A "day in the life" of Ralph, a Palestinian-American grocery store owner, whose
Brooklyn store is the neighborhood drop in center. As the 2004 election approached,
Ralph reflected on being a Palestinian and on voting for the first time, while the
neighborhood chimed in.
Dir: Clifton Watson 11 min. 2005
WORK AND RESPECT
Over 200,000 women work in the homes of New Yorkers as housekeepers and nannies.
Mostly women of color and often undocumented, their work is not covered by labor
laws, and for many, the pay and conditions of work are beyond belief. The women
are beginning to organize, though, to fight for a bill of rights. As one worker
says: imagine if all 200,000 went on strike one day? Wall Street would have to shut
down as families had to watch their own children.
Dir: Domestic Workers United 10 min. 2005
Interview with Barbara Young, NDWA
In February 2005, the NY City Council considered a bill that would require companies
doing business with NY to investigate and reveal any past relationship to the slave
trade. Though resisted by the NYC mayor, Chicago already passed such a law, resulting
in JP Morgan Chase addressing its slave-based past. This short is a quick introduction
to the history of New York's slave-based development, and why redress is due.
Dir: Leslie Brown 13:20 min. 2005
LATINO POETS SPEAKOUT
Three shorts featuring performances by some of New York Citys vanguard Latino poets:
KILLKILLKILL by Jesus Papoleto Melendez (5 Min), GOD BLESS AMERICA by Mariposa (2
min), and TAMALES IN JANUARY by Carlo Baldi (3 min). From the war to police brutality
to the contradictions of being a person of color in the U.S., these shorts are both
lyrical and powerful.
Dir: Renata Gangemi and Ruben Gonzalez 2005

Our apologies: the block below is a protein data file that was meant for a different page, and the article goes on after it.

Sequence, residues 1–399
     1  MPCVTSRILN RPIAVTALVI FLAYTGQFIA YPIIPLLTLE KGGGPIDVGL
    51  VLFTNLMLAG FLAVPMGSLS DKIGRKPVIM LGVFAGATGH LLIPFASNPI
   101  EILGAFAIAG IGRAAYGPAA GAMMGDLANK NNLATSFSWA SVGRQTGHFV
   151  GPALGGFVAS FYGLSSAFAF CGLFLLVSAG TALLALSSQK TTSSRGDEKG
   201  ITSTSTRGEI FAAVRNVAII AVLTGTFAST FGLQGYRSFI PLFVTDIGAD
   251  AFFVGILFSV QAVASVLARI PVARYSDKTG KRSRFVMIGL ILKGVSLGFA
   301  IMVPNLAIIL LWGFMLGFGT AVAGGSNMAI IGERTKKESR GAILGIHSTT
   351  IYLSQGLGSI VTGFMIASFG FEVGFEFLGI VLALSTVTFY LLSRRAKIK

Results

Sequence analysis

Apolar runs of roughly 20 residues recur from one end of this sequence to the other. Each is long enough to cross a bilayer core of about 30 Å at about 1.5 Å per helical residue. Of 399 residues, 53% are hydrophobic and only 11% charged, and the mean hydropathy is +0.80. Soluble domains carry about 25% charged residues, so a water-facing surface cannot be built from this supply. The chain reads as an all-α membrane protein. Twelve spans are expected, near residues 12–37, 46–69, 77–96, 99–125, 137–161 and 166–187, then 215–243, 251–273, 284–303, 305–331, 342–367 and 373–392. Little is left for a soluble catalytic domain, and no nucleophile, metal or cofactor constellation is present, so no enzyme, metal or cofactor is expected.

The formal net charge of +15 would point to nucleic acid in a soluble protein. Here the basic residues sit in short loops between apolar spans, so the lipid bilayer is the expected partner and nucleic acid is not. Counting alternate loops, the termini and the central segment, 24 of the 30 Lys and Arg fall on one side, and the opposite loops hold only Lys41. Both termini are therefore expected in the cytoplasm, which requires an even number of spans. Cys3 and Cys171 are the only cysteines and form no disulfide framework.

FULTON AND FRANKLIN
The pretty, almost impressionistic images of the subway belie the surveillance cameras
and new search policies as riders respond to the heightened security measures.
Dir: Donna Golden (3 min) 2005
VOICES IN THE STREET
When the Republicans had their convention at Madison Square Garden, workers in the
area from hotdog vendors to day laborers were directly affected. A short on the
lives and thoughts of people working on the street and their relation to the political
Dir: JT Takagi and Herman Lew 13 min. 2005
Women, money and travel. It's still the hook that military recruiters are using
on young men, as two students discover at a Queens recruitment office. A look at
the military recruitment process through a mixture of performance and the experiences
of two young men of color.
Dir: Al Santana and Alonzo Rico Speight 11 min 2005
Brian was recruited into the US Navy, much to his filmmaker sisters dismay. Pressured
by a family history filled with those who served in uniform, as well as calls and
visits from recruiters who offered college, he and his mother thought it made sense.
But for two years he has been sweeping the decks of a ship, not allowed to attend
classes or anything else. Morale on his ship is such that two sailors have already
attempted suicide. What can he do?
Dir: Kamisha S. 7:41 min. 2005
SHE RHYMES LIKE A GIRL
Toni Blackman and the FreeStyle Union are challenging the male dominated world of
hip hop and empowering women to speak their minds in freestyle workshops. This is
a music video/documentary that speaks to building a movement of female mcs.
Dir: JT Takagi 7 min 2005
Interview with Toni Blackman
WALKING WITH FUREE
Post 9/11, Wanda Imueson, a Harlem raised believer in the American Dream, found
herself jobless and going to the welfare office. The humiliation of her treatment
and the persistent efforts of the women at FUREE (Families United for Racial and
Economic Equality), led Wanda to become an activist and speaker and to recruit other
women to empower themselves.
Dir: Miriam Perez 10 min. 2005